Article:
I mean, yes, ultimately this makes the speakers 1 distance speakers, but if you are all at a couch, for instance, integration works.


Best,
E

I am considering Rockport Atria IIs. I am having a similar problem. My system is posted. 

I was a Spectral / Avalon guy until recently. For 20 years with Spectral, this November my Avalons will be 14 years old. In 2016, I switched to Pass Lab. I had a problem with the Avalons becoming bright and edgy, Additional room treatment tamed everything.

This will be my final system. Since 2016, I switched from Spectral to Pass Lab. Bought (2) new TTs,arms, cartridges. Kept the MIT cables. 

Went to an Ear Specialist on Monday 8/26/19. He also happens to be a 'phile. My ears were not very dirty, but he cleaned what little was there. Skin infection of ny ears and in canal. Also prescribed oily ear drops with steriods.  Set me up for a hearing test on 9/11/19. He said that he wanted me to like him as much as I like my foot doctor and that he was going to help.

During the last 4-5 months. I have been auditioning speakers. Rockport Atria Is,  Wilson, Sabrinas, Y'vettes, Sasha 2s,  Paradigm (don't remember) Focal Sopra 2&3s. The Rockport dealer, has given me a 3 week home audition and did initial setup and came back 5 or 6 days latter to tame brightness / edgyness that I was unhappy with. Moved them about 5" back and 2" closer together, with almost no toe-in. Much Better. 

Today is day 5, of the ear drops. My ears have stopped itching and hearing is a bit better Still have my Avalons and they sound better too.

Was diagnosed with MS in Sept 2016  Thought that music would be the last thing that the disease would allow me to enjoy. It has taken so many other things already. Hope my hearing is not another one.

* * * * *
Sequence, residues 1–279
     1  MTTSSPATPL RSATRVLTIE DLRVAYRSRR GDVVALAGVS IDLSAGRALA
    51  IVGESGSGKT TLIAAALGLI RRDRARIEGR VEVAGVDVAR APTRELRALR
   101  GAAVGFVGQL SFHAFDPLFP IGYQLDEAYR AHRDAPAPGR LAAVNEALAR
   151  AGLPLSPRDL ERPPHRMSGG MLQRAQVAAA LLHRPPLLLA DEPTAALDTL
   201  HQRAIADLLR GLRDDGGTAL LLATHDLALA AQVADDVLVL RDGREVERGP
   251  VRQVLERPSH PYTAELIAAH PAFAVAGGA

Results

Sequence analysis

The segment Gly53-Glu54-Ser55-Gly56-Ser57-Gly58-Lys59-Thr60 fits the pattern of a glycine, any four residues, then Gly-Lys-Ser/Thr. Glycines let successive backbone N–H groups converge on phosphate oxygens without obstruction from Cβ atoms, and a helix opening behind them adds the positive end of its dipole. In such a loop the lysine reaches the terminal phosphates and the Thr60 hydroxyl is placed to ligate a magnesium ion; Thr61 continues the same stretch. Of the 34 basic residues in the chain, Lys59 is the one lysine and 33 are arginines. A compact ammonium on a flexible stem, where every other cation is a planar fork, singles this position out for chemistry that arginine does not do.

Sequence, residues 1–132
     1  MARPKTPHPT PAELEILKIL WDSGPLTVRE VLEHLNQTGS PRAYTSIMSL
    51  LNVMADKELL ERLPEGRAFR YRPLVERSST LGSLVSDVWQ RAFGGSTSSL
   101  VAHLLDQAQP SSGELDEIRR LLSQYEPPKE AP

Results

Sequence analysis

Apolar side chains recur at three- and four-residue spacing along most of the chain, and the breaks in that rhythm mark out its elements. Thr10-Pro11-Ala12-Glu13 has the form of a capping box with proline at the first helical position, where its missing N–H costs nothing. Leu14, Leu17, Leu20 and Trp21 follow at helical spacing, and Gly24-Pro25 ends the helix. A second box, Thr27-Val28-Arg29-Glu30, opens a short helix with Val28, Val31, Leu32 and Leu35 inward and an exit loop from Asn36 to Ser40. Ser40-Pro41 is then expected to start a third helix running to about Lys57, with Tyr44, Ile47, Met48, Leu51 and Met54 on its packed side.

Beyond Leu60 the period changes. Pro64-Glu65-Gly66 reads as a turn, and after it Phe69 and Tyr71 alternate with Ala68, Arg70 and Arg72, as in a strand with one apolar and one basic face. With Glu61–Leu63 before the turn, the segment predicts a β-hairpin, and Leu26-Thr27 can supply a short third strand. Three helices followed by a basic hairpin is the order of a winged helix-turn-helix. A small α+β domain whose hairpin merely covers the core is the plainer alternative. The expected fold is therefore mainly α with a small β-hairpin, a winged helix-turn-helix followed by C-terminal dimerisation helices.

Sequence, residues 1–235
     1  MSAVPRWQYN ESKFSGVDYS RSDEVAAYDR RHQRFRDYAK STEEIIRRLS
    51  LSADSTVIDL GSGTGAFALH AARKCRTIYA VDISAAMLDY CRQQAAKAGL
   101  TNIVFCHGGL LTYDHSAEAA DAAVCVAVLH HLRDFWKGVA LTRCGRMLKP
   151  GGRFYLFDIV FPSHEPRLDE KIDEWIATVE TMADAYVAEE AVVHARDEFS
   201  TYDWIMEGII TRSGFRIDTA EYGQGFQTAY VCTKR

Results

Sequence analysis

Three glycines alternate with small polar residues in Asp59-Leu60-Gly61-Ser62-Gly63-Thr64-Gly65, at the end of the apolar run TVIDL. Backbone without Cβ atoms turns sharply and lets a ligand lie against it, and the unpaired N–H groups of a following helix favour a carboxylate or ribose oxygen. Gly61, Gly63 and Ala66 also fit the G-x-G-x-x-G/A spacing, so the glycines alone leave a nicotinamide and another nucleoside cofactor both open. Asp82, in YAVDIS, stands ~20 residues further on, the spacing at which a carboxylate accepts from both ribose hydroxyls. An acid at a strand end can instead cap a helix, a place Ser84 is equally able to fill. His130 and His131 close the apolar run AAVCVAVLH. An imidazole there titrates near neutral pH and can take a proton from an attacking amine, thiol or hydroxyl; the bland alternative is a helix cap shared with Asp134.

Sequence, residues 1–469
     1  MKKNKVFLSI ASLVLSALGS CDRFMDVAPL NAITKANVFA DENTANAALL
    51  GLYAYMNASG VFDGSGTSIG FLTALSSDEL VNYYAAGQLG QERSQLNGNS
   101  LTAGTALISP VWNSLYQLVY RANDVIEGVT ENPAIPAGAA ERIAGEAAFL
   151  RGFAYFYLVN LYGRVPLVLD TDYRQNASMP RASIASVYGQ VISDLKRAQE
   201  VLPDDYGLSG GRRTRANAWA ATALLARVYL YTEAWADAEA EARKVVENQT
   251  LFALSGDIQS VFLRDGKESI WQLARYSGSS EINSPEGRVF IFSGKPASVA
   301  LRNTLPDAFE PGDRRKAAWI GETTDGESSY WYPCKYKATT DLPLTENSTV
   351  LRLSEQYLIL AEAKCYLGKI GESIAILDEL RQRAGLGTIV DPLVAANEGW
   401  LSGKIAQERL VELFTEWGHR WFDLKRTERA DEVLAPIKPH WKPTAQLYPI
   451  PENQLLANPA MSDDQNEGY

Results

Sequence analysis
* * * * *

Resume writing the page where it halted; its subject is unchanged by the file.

Hi @nkonor

Sorry about your diagnosis.

Two things which may help you is listening with cans and really good room acousutics. For reasons too long to post, both can reduce mental fatigue a great deal, your brain no longer attempts to spend energy separating out the music from the room, which can be a heavy burden.

Best of luck to you,

Erik
FWIW I have found MIT cables good as cables go at taking the edge off the sound if needed, but better to not need to in the first place.

Fro what I've heard at shows, Rockport speakers can be brutally revealing.
Lourdes,

Whatcha hearing with the new (VTL) amps.   BEtter?
Sorry I just kind of zipped through the answers to your post rather quickly, and not sure if this has been mentioned or not. You said you listen at moderate to loud levels? Have you ever checked the dB loudness level that you are listening? I only ask because I have tinnitus from multiple reasons such as loud music, loud tools, hunting, Etc. And I wouldn't wish this condition on anyone. So you might want to check your listening level either with the dB meter, or there are apps you can get for your phone, however I question their accuracy. But it may give you an idea if you're listening at a safe level.
Same deal for different reasons. Decades of salt water immersion whilst surfing has rendered me afflicted with Surfers Ear and Tinnitus, which presents as a high whistle but not that loud just always present. With my hi-fi I have successfully experimented with lower volumes, allowing time for my ears to adjust and pick out the detail. Shame really as I am unrestricted on volume being on a farm in New Zealand.
I’ve had the same issue before . The sound is so good , that you do not notice how actually loud you are using them. After ten minutes you hit mute and you get that split second of soap bubbles in your ears sound. Ear fatigue is a little more like your ears hating the sound enough to end playback.